five bodies were recovered. Recovery of six more bodies was accomplished without the
use of respiratory protection after a test with a flame safety lamp for methane gas revealed
the area clear. A watch was found on one of the victims which had stopped at 11:51 a.m.
which indicated the time of the explosion.
Ira Goble and his team were the nearest team in the area, and the first to arrive. However, a Federal Mine Inspector refused to let them go into the mine without a backup team. The inspector was told Pond Creek had been called and was expected shortly, so even though it was a Federal Law to have a backup team on hand Ira's team was allowed to enter the mine. When the team located the bodies, they knew that someone had already been inside the mine and had examined the bodies. Ira grew up with Charley Sparks and knew his son Proctor, so it was a dismal task recovering their bodies. The Federal man only allowed them to bring out two bodies at a time which were placed into a waiting ambulance and quickly taken away. They didn't want families to witness the condition of their loved ones' bodies. So, Ira's team stayed in the mine until they were signaled to bring out two more bodies.
When all the bodies were recovered the superintendent thanked them, and said they would be paid for their time. Several weeks passed without the team receiving any payment. So, Ira and a couple of the men went to see the superintendent who claimed he thought payment had been made. He took them to the bookkeeper, and asked Ira how much they owed them. Ira said, "Whatever you think is fair." So, the superintendent told the bookkeeper to give them a check for fifty dollars. They made it out to Ira since he was the captain. He cashed the check in Kermit, and the men told Ira to keep the extra two dollars. So, Ira got ten dollars and other members of the team got eight dollars for risking their lives in the recovery of the eleven men.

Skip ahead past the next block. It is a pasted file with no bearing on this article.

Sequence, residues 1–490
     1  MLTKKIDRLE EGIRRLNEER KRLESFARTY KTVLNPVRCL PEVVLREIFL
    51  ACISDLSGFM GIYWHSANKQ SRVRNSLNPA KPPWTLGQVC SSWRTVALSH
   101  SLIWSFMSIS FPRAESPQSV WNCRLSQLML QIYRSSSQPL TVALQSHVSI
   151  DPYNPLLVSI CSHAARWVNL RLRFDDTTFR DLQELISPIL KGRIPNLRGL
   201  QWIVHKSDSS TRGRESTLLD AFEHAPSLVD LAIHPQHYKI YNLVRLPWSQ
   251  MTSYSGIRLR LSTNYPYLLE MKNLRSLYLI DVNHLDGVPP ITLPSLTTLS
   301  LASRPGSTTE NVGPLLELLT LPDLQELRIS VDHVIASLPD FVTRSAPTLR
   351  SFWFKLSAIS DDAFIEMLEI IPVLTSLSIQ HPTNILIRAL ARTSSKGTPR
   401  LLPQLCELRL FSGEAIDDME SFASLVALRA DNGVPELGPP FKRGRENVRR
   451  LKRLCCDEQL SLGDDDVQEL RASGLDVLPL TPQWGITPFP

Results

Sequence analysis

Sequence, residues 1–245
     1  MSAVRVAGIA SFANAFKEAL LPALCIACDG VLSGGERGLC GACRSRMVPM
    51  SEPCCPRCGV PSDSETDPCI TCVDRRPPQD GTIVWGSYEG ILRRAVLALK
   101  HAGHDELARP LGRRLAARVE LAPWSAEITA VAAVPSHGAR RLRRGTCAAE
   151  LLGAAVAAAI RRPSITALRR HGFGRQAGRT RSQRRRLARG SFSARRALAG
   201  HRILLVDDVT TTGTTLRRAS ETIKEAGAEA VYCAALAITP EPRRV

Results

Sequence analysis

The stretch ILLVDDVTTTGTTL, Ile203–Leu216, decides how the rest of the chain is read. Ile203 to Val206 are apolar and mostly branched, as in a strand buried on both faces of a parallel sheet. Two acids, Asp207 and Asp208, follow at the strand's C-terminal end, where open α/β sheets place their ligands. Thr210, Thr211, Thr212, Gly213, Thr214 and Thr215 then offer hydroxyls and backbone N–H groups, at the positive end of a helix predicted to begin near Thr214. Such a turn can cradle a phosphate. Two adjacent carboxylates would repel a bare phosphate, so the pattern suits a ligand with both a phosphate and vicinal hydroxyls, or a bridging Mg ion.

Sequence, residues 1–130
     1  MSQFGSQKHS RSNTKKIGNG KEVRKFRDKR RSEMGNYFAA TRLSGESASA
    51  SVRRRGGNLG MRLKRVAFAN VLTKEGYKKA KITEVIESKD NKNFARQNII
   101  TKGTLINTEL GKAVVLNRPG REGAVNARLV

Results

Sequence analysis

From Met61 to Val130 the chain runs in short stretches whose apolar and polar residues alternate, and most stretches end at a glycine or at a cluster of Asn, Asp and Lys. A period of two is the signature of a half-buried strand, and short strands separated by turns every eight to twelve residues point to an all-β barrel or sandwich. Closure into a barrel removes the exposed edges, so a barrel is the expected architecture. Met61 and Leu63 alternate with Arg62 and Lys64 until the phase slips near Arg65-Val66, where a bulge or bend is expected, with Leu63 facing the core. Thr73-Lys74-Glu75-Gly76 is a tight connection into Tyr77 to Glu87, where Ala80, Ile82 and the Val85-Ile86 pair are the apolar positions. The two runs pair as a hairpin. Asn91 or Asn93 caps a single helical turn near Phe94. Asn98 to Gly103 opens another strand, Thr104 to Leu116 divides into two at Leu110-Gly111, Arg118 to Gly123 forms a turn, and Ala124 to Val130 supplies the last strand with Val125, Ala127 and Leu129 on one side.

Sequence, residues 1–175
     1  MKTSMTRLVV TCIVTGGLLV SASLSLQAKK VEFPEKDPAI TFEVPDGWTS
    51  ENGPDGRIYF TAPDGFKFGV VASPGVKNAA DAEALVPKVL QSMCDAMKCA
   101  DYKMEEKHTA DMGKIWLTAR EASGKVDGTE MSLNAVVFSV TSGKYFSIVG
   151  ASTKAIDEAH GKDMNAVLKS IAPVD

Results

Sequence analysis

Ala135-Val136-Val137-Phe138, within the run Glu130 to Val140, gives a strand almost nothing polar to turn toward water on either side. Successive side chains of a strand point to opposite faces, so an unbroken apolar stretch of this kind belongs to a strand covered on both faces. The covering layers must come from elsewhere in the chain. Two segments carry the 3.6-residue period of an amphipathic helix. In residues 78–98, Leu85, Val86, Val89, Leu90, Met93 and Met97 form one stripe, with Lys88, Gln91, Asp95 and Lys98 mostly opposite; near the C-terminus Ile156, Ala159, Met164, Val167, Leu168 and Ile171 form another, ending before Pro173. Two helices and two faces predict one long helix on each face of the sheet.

At a hearing held on January 23, five of the company employees who assisted
with the recovery of the bodies admitted they searched the bodies and removed
all smoking articles so investigators would not find them. They said some of
the articles removed from the bodies were hidden and some later discarded into a garbage
can at the bathhouse. After testifying, the men led state and federal officials underground to
where they had hidden the articles. This was no doubt the men that went into the mine before Ira's rescue team arrived.
Investigators said the only piece of electrically driven equipment in operation at the